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Practice Management > Compensation and Fees

District courts get more discretion — and more scrutiny

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The Supreme Court has used a case involving Highmark Inc. — a Pittsburgh health insurer — to set guidelines for how federal courts handle awards of legal fees in patent law cases.

Section 285 of the federal Patent Act lets a federal court make one party pay the other party’s legal feels in “exceptional cases” but does not define the term “exceptional cases.”

The Supreme Court ruled today in a high-profile case, Octane Fitness LLC vs. ICON Health & Fitness Inc., that Section 285 gives a U.S. district court discretion to decide whether a party in a patent case has conducted so badly that it ought to pay the other party’s legal fees.

“Under the standard announced today, a district court may award fees in the rare cases in which a party’s unreasonable conduct — while not necessarily independently sanctionable — is nonetheless so ‘exceptional’ as to justify an award of fees,” Justice Sonia Sotomayor wrote in an opinion for that court.

All nine justices agreed with the ruling. One justice, Antonin Scalia, disagreed with three of the footnotes.

In the second decision released today, on Highmark Inc. vs. Allcare Health Management System Inc. (Case Number 12-1163), members of the court ruled unanimously that a federal appeals court has the authority to review a district court’s use of discretion in Section 285 cases “de novo” — from scratch.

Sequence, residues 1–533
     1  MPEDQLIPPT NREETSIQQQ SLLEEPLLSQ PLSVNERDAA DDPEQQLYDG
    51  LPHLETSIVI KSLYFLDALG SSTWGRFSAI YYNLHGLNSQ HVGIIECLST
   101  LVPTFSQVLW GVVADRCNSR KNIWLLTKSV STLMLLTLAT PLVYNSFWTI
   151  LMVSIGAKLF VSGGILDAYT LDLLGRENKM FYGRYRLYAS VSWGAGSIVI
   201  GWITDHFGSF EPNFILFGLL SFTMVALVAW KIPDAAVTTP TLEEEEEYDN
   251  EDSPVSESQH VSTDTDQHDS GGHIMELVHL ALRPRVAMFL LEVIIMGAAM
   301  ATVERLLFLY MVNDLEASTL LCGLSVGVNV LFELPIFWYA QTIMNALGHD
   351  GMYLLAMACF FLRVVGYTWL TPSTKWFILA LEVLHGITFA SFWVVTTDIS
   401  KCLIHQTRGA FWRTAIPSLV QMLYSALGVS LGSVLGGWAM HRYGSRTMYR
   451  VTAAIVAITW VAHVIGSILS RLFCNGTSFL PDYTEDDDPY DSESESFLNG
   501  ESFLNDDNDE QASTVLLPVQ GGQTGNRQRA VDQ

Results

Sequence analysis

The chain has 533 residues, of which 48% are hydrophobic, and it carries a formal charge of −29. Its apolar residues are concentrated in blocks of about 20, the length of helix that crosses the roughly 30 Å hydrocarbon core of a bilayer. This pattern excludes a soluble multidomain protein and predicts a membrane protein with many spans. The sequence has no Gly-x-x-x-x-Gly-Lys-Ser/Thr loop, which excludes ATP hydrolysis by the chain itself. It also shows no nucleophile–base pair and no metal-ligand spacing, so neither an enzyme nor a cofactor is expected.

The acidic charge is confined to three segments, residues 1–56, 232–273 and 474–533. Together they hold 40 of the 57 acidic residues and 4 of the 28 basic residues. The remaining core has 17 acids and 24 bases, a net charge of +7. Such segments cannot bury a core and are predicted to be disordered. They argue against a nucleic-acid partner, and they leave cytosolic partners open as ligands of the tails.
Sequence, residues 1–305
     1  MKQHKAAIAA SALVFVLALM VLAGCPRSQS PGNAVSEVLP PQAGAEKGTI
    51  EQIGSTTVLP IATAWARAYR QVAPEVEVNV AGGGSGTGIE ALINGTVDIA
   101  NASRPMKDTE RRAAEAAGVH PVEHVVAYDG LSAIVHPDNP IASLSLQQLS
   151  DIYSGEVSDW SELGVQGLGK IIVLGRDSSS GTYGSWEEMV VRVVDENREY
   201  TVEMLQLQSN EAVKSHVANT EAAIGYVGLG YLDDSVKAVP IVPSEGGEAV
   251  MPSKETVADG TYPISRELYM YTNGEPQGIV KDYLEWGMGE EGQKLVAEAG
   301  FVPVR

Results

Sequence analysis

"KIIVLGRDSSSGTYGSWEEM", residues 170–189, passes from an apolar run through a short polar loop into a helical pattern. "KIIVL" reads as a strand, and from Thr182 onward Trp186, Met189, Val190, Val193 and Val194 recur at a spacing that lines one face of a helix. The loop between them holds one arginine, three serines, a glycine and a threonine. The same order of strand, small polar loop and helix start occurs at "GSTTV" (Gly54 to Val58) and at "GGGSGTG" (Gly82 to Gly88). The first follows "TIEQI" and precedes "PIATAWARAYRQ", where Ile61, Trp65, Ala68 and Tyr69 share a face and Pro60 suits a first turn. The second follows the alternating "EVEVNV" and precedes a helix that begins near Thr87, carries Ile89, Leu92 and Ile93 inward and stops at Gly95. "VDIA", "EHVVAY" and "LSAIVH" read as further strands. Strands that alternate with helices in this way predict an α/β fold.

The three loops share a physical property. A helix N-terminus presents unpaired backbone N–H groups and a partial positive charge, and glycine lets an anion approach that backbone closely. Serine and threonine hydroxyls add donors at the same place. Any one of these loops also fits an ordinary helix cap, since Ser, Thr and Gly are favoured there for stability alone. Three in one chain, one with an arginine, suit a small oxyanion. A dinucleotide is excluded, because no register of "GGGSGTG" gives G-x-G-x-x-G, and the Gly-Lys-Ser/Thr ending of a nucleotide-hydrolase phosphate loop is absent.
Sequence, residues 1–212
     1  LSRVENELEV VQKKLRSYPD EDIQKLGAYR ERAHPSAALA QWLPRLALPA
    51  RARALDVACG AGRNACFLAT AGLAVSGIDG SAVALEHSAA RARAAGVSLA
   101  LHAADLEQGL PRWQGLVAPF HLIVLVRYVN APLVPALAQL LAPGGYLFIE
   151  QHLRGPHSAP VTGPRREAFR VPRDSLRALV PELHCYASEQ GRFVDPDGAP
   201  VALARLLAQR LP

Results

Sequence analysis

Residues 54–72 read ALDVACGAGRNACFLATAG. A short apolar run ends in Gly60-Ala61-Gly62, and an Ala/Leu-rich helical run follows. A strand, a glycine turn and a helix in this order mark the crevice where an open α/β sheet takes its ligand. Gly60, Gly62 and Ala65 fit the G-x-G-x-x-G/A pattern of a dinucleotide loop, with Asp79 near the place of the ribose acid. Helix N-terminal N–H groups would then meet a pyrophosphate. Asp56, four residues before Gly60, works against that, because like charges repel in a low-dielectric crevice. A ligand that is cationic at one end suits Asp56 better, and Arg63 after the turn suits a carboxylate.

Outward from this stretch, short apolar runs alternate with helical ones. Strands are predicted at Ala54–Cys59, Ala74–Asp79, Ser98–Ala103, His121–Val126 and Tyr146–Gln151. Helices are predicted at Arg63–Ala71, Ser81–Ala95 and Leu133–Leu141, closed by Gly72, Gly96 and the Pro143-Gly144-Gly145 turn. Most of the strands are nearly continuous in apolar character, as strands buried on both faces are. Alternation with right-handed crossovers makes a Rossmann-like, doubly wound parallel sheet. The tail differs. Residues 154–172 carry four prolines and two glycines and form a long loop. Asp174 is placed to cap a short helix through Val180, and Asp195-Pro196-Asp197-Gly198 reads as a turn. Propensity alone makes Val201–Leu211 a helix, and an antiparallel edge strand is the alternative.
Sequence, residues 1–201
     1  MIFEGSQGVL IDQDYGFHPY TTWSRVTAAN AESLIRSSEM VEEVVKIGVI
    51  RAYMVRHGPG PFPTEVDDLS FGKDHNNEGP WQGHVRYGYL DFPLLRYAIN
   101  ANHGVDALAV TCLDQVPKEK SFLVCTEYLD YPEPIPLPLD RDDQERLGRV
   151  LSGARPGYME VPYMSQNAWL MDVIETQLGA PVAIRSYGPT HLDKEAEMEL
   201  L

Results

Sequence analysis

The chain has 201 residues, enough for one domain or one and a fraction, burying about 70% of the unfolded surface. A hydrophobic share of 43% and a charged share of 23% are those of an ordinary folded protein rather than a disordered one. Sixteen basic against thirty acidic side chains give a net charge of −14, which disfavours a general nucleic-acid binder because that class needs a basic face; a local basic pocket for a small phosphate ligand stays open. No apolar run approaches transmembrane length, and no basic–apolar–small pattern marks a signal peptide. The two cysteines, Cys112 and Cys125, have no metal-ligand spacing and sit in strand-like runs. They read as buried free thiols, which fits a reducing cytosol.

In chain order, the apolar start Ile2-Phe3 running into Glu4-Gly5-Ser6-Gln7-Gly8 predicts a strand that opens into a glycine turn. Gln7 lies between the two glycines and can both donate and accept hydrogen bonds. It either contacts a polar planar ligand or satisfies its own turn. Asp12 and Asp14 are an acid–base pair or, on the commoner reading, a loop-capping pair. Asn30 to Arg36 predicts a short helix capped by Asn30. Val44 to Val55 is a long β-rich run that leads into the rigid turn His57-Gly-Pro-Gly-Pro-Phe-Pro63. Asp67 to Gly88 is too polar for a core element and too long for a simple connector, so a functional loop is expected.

Allcare owns U.S. Patent Number 5,301,105. The patent, filed in April 1991, covers methods a managed care company can use to decide whether review of a patient’s use of medical services is necessary. The patent also covers efforts to prevent authorization and payment before a reviewer has approved care.

Allcare sued Highmark over alleged infringement of the patent in April 2002.

Highmark — the holder of the Blue Shield license in central Pennsylvania, and the Blue Cross and Blue Shield licenses in western Pennsylvania, West Virginia and Delaware – won the legal battle, and the Federal Circuit Court of Appeals upheld the district court ruling.

The district court decided in April 2010 that Allcare’s litigation had been so “vexatious” that the company should pay Highmark’s legal bills.

Highmark has been trying to get Allcare to pay $4.9 million in attorney’s fees and other legal costs.

Members of the Federal Circuit eventually voted 6-5 to throw out the award of attorney’s fees, saying it should be able to review whether the original patent infringement case was baseless without deferring to the decision of the district court.

The Supreme Court holds in the new ruling that “an appellate court should apply an abuse-of-discretion standard in reviewing all aspects of a district court’s Section 285 determination.”

“Although questions of law may in some cases be relevant to the Section 285 inquiry, that inquiry generally is, at heart, ‘rooted in factual determinations,’” Sotomayor writes in the opinion. 

Disputes about “abuse of discretion” often arise in cases involving claim determinations made by administrators of group benefit plans subject to the Employee Retirement Income Security Act (ERISA). Sotomayor does not mention ERISA in the Highmark opinion. 

See also:

  1. Supreme Court hears Highmark arguments
  2. Supreme Court mulls patent case
  3. Highmark Names Winkenwerder CEO


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